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Tinnitus, Cognitive Behavioural Therapy, and Extended Bandwidth Hearing Aids: Interview with Faye Hopkins

Tinnitus, Cognitive Behavioural Therapy, and Extended Bandwidth Hearing Aids: Interview with Faye Hopkins

May 29, 2013 Interviews

Douglas L. Beck, AuD, spoke with Faye Hopkins, and audiologist and adult services team leader, audiology services, at the First Community Health and Care CIC, at Crawley Hospital, West Sussex, National Health Services in the United Kingdom.

Academy: Hi, Faye, nice to chat with you again.

Hopkins: Hi, Doug, really good to speak with you again!

Academy: Faye, I recall you had a very interesting tinnitus patient we discussed mid-2012 or so, and now that things are apparently back on track for this gentleman, I thought it would be a good case to share with our readers.

Hopkins: Sure, Doug, happy to help.

Academy: Okay, so if you don't mind, please tell us the story, and let's start with the case history.

Hopkins: Well, the gentleman is a 62-year-old maintenance worker. He first came to our audiology service as a "walk-in" patient in August 2011. We'll call him Robert (not his real name). Robert had essentially normal hearing through about 5000 Hz bilaterally, and then a mild-to-moderate sensorinerual high-frequency hearing loss.

When we first saw him, he did report tinnitus in the left ear and he was apparently fine with it. Soon after that (November 2011) he returned to our clinic and saw one of my colleagues. Robert reported a probable "viral" illness, which was the tipping point that apparently exacerbated his tinnitus. That is, Robert reports his tinnitus suddenly became somewhat unbearable. He reported no additional or unusual noise exposure, no additional hearing loss, no head trauma or other otological issues. He was very clear that his tinnitus had increased substantially after the viral illness.

Academy: And so he went to his general practitioner (GP) before seeing your colleague?

Hopkins: Yes, Robert went to see his GP and he apparently told Robert to "learn to live with it." That "sage advice" was supposed to manage Robert and sort it all out.

Academy: And that's the part where I have to jump in! I personally believe when a licensed health-care professional tells a desperate tinnitus patient (or even a non-desperate tinnitus patient) he has to "learn to live with it," that's borderline malpractice and additionally, it usually indicates the professional hasn't read anything about tinnitus management in the last few decades! Of course, I readily admit, perhaps that's just my own bias and opinion, but the fact of the matter (as can easily be seen in the contemporary literature) is tinnitus patients can be taught to better manage their tinnitus quite effectively in the majority of cases, perhaps 75 to 90 percent of the time.

Hopkins: Yes, I remember you lectured on tinnitus at the British Academy of Audiology (BAA) meeting a year or two ago, and that actually got me thinking—there's quite a bit we can do to help!

Academy: Okay, climbing off my soap box...so then, after Robert was told to learn to live with it, what happened?

Hopkins: Well, he reported to my colleague what the GP had said and now he was really suffering. He reported feeling depressed and overwhelmed, he wasn't sleeping well and he felt incapable of working. In fact, he mentioned he had a holiday coming up in a few days and he felt unable to go because he was so stressed out from his tinnitus. He used the phrase "at his wit's end" and he said he felt "abandoned."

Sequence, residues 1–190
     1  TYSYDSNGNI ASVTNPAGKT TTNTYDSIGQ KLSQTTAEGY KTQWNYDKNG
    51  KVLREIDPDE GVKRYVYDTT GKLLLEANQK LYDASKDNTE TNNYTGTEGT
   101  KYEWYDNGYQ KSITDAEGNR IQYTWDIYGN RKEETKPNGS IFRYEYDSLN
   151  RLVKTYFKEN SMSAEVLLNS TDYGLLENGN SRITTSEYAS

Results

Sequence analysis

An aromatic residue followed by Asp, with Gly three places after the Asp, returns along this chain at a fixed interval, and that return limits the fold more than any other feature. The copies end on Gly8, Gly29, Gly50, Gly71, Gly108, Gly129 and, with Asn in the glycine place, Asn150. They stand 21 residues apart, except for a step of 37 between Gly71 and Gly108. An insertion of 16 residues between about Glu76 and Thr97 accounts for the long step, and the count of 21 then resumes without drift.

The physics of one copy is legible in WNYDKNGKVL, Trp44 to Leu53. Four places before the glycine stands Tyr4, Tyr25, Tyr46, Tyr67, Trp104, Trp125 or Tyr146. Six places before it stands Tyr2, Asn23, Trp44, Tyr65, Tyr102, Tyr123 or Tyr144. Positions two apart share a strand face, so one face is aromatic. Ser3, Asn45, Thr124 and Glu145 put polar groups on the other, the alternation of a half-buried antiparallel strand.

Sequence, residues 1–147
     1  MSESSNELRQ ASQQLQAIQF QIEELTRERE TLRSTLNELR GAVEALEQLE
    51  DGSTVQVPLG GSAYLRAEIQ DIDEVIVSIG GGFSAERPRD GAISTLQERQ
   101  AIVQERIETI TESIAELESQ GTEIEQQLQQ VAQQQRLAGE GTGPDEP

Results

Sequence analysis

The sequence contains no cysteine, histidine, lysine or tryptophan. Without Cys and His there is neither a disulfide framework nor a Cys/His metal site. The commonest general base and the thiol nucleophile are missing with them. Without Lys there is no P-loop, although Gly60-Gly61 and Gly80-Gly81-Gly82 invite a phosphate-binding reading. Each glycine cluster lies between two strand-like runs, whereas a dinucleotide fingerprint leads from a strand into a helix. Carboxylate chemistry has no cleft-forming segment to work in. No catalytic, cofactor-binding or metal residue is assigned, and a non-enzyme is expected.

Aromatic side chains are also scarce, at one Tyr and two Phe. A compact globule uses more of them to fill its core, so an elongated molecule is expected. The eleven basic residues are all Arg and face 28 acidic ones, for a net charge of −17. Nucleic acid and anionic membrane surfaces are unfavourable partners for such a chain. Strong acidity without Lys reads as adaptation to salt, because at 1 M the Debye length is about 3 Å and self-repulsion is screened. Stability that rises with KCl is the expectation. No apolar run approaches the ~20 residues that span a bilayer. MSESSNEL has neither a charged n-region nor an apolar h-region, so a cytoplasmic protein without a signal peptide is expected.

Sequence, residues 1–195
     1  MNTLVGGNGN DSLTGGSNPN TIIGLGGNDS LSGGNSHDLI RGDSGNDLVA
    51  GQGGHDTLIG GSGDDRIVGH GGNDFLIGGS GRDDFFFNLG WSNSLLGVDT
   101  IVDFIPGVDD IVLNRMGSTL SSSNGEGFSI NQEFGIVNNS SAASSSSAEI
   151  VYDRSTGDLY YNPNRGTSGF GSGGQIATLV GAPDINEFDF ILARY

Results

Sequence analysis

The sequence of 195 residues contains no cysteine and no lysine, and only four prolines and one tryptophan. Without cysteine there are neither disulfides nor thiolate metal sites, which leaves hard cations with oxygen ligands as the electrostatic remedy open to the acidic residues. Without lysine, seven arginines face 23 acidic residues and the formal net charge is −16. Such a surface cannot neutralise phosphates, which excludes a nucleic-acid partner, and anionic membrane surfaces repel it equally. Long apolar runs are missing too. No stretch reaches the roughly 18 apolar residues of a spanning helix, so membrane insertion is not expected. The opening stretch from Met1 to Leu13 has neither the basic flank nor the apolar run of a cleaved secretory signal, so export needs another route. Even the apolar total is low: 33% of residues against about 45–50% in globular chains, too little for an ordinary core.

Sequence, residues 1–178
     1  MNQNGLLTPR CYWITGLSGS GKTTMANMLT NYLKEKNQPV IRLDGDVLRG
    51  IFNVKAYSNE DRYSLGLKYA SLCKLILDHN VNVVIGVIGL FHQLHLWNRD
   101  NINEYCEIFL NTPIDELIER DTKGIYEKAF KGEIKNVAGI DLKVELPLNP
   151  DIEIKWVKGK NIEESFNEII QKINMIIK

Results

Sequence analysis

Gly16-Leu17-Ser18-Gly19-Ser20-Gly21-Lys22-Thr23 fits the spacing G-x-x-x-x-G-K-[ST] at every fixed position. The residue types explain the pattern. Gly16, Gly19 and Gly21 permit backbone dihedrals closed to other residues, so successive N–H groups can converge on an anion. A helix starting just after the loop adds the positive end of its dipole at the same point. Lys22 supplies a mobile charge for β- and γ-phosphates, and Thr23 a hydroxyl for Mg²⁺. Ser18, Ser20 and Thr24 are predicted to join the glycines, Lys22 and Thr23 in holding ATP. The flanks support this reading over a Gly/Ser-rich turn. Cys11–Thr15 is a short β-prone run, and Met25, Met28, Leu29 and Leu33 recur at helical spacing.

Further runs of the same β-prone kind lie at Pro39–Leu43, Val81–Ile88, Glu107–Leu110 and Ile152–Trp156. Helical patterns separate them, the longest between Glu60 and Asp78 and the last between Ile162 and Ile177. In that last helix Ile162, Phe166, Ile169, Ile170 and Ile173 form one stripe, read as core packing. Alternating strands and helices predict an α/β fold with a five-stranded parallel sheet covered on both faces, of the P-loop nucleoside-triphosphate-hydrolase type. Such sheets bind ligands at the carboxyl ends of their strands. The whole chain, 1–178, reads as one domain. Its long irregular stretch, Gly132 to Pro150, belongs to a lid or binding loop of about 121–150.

So my colleague felt that she certainly needed to try to help him manage and adapt to his tinnitus, and the first thing she tried was fitting him with a left ear open-fit hearing aid. Things seemed to have gone okay and he learned to use it, and we didn't hear from him for a few days. As it turns out, he was in absolute distress. My colleague told me about Robert and I tried to follow-up to see how he was doing. I couldn't get him on the phone, but I did manage to speak with his wife. She told me Robert had spoken with the crisis line and he had been taken into a "safe house" because he was indeed, suicidal.

Academy: And to be clear, a "safe house" is a psychiatric unit?

Hopkins: Yes, that's right. Of course, there are differences and variations, but yes, more-or-less sending him to the safe house was to keep him safe while he was under psychiatric care. So he was in the safe house for a week or so, and he was seeing the psychiatrist and was placed on anti-psychotic and anti-depressant medications. I saw him a few weeks later. Robert mentioned he was perseverating on the words of the GP, that nothing could be done, which seemed to me to be increasing his desperation and frustration. Further, by the time I saw him, he had also been seen by an ENT specialist who told him "Go away and get used to it!" So then, I saw him in the clinic and I did a full tinnitus assessment with him.

Academy: And this had not been done before?

Hopkins: No. This was his first full and formal tinnitus assessment.

Academy: Please tell us what you found?

Hopkins: He had experienced tinnitus for 20 years or so, and again, the tinnitus hadn't really bothered him very much, until he experienced the virus over the summer of 2011 and his tinnitus became substantially worse. He reported along with the virus he was a bit dizzy and out of sorts, but he had not experienced true vertigo. I repeated his hearing test that was essentially unchanged and I did a tinnitus matching, which showed he was perceiving tinnitus at about 5000 Hz, at about 10 dB SL (or so).

Academy: And that's very consistent with typical tinnitus patient experiences. Generally, tinnitus patients experience tinnitus in the high frequencies, and 5000 Hz is a very common spectral representation of tinnitus.